Content Marketing Magazine

How recruiters can create a content marketing plan for their agency website

Written by the Editorial Team

According to a survey conducted by MarketingProfs and the Content Marketing Institute, 93% of businesses now use content marketing as part of their overall promotion strategy, and 73% say they now produce more content than they did two or three years ago.

Content is what makes your potential customers become just that – customers. If they are able to gain access to content that is relevant to them, their experience of interacting, engaging and doing business with you will be all the greater.

Here we show you what you need to do to make sure your site has the right content.


Know who you are talking to before planning your content, and understand your audience’s goals and interests:

  • Who is viewing your website?
  • What do they already know about you – nothing, something, do they know you better than their own mother?
  • Is your audience ready to buy in the here and now, or are they simply looking for some form of distraction from their busy lives?
  • What do they need?

Writing content that is aimed at ‘everyone’ will be attractive to no one and demonstrates a lack of understanding on your part about your audience and what they are interested in.


Identify why they are coming to you in the first place:

  • Why should they choose you over other agencies?
  • What makes you unique over your competitors?
  • Why should they care about you – what’s in it for them by choosing you?

Align your content according to your customer’s needs and satisfy their concerns, resolve their objections, and overcome any other potential barriers preventing them from taking the next step in the buying cycle.


Develop your content:

  • What research/information do you already have on the topics you are considering providing content on?
  • How will this content be aligned with the core business objectives?
  • Where does this content fit in the buying process?
  • What will be the impact on this business if this content is not produced – is it simply a nice-to-have or will it critically affect a campaign?

There is no point loading your site with a plethora of content that does little to support the overriding aim of the agency. Rather, decide what the purpose is behind each piece of content. For instance, it may be to:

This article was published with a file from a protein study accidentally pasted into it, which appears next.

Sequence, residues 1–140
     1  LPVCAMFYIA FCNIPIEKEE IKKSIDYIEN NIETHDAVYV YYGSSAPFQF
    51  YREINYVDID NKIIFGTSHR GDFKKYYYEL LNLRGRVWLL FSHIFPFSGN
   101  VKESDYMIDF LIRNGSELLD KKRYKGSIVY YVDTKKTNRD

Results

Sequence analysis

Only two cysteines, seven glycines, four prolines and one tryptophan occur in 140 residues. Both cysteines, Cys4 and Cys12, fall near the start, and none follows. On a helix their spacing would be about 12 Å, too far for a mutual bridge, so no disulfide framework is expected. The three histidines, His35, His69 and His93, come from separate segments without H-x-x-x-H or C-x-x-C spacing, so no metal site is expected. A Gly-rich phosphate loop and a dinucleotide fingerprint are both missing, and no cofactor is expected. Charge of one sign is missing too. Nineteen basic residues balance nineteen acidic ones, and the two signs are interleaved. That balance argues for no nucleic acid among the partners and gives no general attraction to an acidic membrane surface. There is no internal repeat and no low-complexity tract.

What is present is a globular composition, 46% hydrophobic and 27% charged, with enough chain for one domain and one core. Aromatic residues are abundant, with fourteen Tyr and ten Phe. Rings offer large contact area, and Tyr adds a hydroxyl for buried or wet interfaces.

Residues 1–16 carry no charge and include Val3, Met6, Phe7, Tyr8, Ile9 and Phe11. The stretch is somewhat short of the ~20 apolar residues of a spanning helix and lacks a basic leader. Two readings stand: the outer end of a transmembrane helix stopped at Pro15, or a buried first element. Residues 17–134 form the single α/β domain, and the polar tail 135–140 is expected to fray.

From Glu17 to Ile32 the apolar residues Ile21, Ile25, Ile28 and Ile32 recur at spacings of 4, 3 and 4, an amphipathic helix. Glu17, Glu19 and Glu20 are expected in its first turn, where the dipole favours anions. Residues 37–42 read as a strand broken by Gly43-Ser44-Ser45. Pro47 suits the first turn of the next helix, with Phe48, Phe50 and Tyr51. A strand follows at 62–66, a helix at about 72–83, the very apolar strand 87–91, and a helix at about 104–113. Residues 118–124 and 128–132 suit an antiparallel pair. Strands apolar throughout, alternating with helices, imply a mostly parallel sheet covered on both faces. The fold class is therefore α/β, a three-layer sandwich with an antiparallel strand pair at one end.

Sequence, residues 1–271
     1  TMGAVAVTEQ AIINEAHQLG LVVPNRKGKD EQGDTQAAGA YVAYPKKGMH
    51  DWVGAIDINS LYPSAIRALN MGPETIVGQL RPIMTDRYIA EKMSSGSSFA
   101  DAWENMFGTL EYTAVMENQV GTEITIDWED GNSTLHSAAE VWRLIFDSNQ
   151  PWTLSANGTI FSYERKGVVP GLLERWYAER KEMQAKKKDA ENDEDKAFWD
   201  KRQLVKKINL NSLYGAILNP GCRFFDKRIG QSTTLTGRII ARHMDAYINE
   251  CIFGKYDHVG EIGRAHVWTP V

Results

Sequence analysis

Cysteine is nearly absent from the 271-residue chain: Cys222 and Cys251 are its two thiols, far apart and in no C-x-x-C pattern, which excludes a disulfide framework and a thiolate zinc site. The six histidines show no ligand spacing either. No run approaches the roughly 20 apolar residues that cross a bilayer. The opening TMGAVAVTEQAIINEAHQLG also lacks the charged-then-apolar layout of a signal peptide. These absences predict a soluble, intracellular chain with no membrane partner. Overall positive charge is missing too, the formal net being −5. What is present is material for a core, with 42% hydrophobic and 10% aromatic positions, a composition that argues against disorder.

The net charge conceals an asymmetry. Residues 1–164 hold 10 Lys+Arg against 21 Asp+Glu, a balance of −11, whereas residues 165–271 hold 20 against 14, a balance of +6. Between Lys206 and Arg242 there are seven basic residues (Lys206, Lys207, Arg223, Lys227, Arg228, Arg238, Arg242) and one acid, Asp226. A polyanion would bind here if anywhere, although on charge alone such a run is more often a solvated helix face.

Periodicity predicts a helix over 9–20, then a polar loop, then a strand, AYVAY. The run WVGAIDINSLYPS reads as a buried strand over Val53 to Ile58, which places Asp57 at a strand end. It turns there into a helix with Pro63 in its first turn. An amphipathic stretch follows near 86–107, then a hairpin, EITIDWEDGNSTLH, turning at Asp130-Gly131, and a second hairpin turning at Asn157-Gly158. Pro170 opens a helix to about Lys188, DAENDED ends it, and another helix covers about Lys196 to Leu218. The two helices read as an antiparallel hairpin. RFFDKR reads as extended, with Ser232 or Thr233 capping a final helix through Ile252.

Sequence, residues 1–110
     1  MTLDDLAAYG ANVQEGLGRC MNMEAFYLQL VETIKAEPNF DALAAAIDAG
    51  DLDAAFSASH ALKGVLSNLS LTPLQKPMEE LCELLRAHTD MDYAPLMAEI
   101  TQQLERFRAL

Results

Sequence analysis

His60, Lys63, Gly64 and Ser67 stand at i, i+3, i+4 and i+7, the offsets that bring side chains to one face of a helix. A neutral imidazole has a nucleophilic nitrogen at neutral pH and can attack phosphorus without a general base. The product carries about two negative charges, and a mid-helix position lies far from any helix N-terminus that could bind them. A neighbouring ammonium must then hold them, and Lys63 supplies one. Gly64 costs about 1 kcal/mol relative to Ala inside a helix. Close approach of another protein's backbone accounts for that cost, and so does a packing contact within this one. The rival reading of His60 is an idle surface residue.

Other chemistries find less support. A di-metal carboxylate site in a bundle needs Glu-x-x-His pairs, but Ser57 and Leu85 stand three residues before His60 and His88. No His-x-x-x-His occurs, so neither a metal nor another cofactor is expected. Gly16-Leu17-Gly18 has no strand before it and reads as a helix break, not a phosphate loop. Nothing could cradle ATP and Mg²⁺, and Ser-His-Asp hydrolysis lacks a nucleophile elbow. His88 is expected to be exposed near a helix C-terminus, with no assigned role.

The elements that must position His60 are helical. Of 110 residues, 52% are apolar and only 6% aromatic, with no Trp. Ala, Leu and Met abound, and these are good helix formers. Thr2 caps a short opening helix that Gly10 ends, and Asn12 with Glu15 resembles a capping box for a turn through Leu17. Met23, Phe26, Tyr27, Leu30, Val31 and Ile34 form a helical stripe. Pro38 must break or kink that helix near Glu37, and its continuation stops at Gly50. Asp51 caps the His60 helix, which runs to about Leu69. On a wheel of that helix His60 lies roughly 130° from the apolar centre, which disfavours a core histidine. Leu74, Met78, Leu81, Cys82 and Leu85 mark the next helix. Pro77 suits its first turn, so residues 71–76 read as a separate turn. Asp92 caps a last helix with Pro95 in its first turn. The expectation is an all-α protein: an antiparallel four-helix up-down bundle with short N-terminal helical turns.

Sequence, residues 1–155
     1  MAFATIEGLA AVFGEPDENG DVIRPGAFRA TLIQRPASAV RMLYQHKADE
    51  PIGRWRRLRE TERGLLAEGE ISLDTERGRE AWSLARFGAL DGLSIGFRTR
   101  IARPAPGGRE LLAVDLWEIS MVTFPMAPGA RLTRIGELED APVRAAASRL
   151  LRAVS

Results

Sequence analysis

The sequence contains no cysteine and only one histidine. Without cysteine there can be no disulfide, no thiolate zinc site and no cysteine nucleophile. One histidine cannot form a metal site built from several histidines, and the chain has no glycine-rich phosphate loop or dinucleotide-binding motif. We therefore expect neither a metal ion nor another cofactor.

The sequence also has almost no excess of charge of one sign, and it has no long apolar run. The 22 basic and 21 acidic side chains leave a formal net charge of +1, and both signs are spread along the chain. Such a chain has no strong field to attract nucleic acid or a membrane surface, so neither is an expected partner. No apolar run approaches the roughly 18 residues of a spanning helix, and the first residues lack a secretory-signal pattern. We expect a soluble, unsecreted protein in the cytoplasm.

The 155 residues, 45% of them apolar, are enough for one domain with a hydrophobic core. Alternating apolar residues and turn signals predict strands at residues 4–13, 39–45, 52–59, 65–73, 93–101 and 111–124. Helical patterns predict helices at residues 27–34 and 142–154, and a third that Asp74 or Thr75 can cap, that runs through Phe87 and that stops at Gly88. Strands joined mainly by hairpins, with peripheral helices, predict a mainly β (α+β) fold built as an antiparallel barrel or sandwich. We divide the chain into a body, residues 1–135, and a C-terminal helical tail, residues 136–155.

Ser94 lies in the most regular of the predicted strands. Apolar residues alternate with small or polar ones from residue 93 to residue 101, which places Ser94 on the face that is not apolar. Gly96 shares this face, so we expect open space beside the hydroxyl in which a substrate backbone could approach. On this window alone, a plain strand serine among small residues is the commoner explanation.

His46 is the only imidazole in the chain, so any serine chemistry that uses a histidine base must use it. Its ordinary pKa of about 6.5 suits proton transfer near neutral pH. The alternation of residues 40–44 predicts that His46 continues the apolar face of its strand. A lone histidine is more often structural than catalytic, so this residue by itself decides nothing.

• Inform
  • Entertain
  • Start a conversation
  • Inspire
  • Persuade
  • Prompt action
  • Share knowledge and information


Decide how to present your content:

  • What resources do you have available, who will produce the content, and how much time do they have to make this happen?
  • What budget do you have and what are your time frames?
  • What format will work best and do you have the skill set within your agency to deliver these?

Your customers will engage with you in varying ways, such as looking for something worth sharing (blog, infographic) or information that addresses a specific need (report, white paper). By understanding the point at which they interact with you, you can enhance their experience of dealing with your business.

To ensure that your messages remain meaningful and relevant, you need to present information in a format that befits the way in which your target audience expects to access it. Presentation formats could include:

  • Blogs
  • Infographics
  • White papers
  • Articles
  • eBooks
  • Case studies
  • Testimonials
  • eNewsletters
  • Webinars
  • Videos
  • Animation/SlideShare


Decide the frequency of your communications:

  • How often do you want to produce these deliverables?
  • Do you have the resources to react and respond to immediate requests for information?

The delivery of your content marketing plan is just that – it is planned and deliberate both in its content and its timing.


Get it out there:

  • How can you promote your new content?
  • How can you maximise the return you have made on your content investment?

Once your content is produced, think above and beyond the obvious delivery mechanisms for sharing this information. For instance, if you have produced a new white paper, extract two or three of the most salient points and use these as the foundation for other forms of communication, such as a series of new blog posts, an infographic, a press release or a featured article for the trade press.

Similarly, perhaps you are organising a roundtable discussion – again, thinking laterally, turn this into an opportunity for a new video, a series of thought-leader Q&As or engage your audience in real-time via a webinar.

Communicating your content works best when communicated across several platforms.

By cross-linking your content across a variety of social media and online platforms (such as Twitter, LinkedIn, Vimeo, blogs, microsites, newsletters), it gains a wider reach, increases SEO and provides you with a greater opportunity to introduce your customers to other areas of your business (such as related services) in a non-intrusive yet engaging way.

Finally; review, revise and refresh – keep your content relevant to your audience. At a time when competition between organisations is at its most intense, irrespective of which industry you operate, customers will always be attracted to and remain loyal to the businesses that speak to them in the right way and at the right time.

They want businesses to address their pain-points and save them time by ensuring that the content they are looking for is easily accessible, which in turn will pay dividends for businesses.